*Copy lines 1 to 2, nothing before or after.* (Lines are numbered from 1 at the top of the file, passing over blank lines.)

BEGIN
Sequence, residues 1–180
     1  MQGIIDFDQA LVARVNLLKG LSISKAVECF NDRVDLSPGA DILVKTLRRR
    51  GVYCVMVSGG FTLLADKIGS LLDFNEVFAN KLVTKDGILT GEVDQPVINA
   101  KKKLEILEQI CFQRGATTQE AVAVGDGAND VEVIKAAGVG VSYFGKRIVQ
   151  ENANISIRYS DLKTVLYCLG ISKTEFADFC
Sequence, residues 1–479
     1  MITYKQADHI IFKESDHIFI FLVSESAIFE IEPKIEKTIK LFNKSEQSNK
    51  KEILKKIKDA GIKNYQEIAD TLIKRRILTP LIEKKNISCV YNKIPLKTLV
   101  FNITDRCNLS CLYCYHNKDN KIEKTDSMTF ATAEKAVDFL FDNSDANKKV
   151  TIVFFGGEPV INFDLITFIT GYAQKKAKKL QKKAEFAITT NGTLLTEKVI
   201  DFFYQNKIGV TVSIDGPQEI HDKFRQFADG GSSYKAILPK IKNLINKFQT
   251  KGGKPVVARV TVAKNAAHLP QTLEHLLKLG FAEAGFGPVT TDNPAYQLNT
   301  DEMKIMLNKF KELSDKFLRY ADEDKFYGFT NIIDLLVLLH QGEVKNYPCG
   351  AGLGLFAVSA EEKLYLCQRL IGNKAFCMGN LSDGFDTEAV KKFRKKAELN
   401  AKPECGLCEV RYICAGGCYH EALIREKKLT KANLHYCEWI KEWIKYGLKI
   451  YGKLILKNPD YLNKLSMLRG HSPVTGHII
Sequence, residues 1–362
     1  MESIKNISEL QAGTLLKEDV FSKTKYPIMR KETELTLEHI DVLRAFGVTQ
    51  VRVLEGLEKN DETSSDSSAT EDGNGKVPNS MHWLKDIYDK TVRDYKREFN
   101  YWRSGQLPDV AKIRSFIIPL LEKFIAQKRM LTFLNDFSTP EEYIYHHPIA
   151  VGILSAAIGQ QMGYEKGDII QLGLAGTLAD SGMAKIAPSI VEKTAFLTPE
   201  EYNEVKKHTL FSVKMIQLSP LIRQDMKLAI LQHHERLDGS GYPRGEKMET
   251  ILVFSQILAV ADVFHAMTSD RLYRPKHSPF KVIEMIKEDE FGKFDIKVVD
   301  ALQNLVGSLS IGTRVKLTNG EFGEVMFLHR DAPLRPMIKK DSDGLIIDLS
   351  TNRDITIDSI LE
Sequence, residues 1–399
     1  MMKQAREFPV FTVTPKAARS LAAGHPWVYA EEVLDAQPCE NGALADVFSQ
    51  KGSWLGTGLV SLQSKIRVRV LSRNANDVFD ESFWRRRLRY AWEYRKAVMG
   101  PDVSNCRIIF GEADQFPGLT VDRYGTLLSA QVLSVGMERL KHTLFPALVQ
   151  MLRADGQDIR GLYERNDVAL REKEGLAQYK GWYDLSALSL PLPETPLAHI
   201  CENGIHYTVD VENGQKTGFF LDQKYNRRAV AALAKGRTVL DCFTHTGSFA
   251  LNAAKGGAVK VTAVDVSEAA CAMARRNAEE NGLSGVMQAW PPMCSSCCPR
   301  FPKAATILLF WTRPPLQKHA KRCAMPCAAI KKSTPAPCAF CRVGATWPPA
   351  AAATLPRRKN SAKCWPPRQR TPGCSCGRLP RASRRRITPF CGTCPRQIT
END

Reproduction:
Sequence, residues 1–180
     1  MQGIIDFDQA LVARVNLLKG LSISKAVECF NDRVDLSPGA DILVKTLRRR